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Books > Philosophy > Aesthetics > Sanskarti Jatakas of Arya Sura and Pali - Jatakas (A Critical Comparative Study)
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Sanskarti Jatakas of Arya Sura and Pali - Jatakas (A Critical Comparative Study)
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Sanskarti Jatakas of Arya Sura and Pali - Jatakas (A Critical Comparative Study)
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About the Book

Arya Sura's Jatakamala has been written in Sanskrit and translated into German, English and Hindi but it is not compared with Pali - Jatakas. The present book is first of its kind which critically compares Sanskrit Jatakamala with Pali - Jatakatas. Arya Sura wrote only thirty-four Jatakas in Sanskrit; out of this only four Jatakas are exclusively different from Pali - Jatakas.

The present volume briefly narrates Pali-Jatakas and compares them with Sanskrit Jatakamala. In order to get more explanatory information, Buddhaghosa's Atthakathas and Dhammapalas Paramatthadipani have been carefully studied.

The present volume will be definitely useful to students and scholars of Sanskrit, Pali, Buddhism and Buddhist studies.

About the Author

Dr. Meena Talim is an internationally renowned scholar. She has retired as a Professor and Head of Department of Pali and Ancient Indian Culture, St. Xavier's College, Mumbai (1990). She was first to be awarded Ph.D. in Pali from University of Mumbai (1960), consequently in Maharashtra and first lady-student in India. Her contribution to the subject, in various aspects, social political, historical, literary, medicine and surgery, art and architecture is remarkably significant.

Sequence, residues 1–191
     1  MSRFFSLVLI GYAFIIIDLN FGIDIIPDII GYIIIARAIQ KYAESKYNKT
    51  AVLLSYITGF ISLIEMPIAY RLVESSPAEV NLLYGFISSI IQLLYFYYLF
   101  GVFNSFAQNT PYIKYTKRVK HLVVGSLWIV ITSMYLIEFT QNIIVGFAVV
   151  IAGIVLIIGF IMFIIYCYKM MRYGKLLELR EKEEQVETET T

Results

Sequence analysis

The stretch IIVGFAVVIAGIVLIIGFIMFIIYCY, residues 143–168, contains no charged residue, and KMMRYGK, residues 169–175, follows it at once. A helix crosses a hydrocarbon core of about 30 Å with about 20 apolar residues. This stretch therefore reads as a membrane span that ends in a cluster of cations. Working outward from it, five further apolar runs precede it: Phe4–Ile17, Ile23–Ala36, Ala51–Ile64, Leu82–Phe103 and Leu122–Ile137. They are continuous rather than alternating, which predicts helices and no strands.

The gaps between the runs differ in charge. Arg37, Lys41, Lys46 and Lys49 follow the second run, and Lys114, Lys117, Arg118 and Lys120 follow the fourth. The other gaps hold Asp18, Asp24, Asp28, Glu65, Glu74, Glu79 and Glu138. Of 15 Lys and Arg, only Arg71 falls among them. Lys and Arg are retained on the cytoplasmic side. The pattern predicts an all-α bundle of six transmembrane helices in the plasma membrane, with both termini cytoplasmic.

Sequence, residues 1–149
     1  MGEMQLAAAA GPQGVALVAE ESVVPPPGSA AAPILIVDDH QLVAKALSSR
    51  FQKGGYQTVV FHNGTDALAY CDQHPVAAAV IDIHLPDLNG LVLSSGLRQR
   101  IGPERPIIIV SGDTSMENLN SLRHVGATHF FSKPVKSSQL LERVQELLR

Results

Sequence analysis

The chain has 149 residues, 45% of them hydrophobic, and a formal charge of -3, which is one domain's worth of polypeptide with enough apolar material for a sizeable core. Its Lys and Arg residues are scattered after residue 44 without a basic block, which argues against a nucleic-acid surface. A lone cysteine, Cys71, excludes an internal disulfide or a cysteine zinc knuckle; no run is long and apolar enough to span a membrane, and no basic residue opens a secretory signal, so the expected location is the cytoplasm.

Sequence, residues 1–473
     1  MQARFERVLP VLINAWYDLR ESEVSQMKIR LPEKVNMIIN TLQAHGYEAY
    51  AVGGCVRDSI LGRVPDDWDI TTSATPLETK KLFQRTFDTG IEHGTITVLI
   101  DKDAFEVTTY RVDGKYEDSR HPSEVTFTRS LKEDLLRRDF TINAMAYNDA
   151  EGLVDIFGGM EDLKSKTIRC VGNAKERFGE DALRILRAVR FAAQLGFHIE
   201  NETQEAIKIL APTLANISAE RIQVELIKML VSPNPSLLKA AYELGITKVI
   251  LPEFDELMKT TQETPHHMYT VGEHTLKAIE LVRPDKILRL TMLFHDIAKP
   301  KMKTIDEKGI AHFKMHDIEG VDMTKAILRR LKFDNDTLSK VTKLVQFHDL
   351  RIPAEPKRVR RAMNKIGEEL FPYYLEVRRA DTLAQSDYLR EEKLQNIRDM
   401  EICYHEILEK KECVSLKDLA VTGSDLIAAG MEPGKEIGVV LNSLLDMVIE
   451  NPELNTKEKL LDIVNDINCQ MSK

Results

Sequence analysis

Her publications include Buddhvamsa (1969), Women in early Buddhist Literature (1972), Bagh Paintings-identification and interruption (2002), Science of Medicine & Surgery in Buddhist India (2009), Edicts of King Aioka - a new vision (2010), Life of Women in Buddhist Literature (2010), Ajanta Paintings-Unidentified and Misinterpreted (2012) Bagh Caves-Paintings & Sculptures (2014), Buddhist Art Vol I & II (2014) Buddhist studies, vol I & II (2015) Sigiriya Paintings of Sri Lanka -Identification & Interpretation (2015), Buddhist Jurisprudence (2017), A Comparative Critical study of Mahavastu Avadc7nada and Pc7lijcitakas (forth coming-Asiatic society of Mumbai). She has also contributed more than a hundred research papers to Indological Journals, National & International Seminars, Symposiums and conferences.

Dr. Talim is presently working as a Honorary Professor at K.J. Somaiya Centre for Buddhist studies and visiting Professor at University of Mumbai.

Preface

Jatakamala is written in Sanskrit and belongs to Northern Buddhist canon. Arya Sura, the author of Jatakamala calls it as Avadana-`Bodhisattvavadanamalaparyaya'-a garland of words, eulogising Bodhisattva. Marie M. Higgins titled it as 'A Garland of Birth Stories.'1

Avadana literature is a significant part of Mahayana literature, which is equivalent to Pali Apadana. It began with Mahavastu Avadana, followed by Divyavadana. Both books were written in Buddhist Hybrid Sanskrit (BHS). These two books were highly influenced by Southern Buddhist Canon, namely Pali-Tipitaka. Dr. Winternitz states."The Central part of Mahavastu Avadana (MHVA) came into existence in 2nd cent. B.C. and its original size swelled in 4th cent. A.D.2

Let us peep into history of Buddhism which narrates three Buddhist Councils. The first Council was held immediately after the demise of Buddha in 5th cent. B.C. at Rajagaha. In this council Vinaya Pitaka and Sutta Pitaka, along with Matikas were recited. The second Buddhist Council was held hundred years after the death of Buddha at Vesali, to quench the revolt of monks who were following ten unlawful things-namely `Dasavatthuni'. The third Council was held to maintain a unity of Samgha, at the time of King Moka, in 3rd cent. B.C.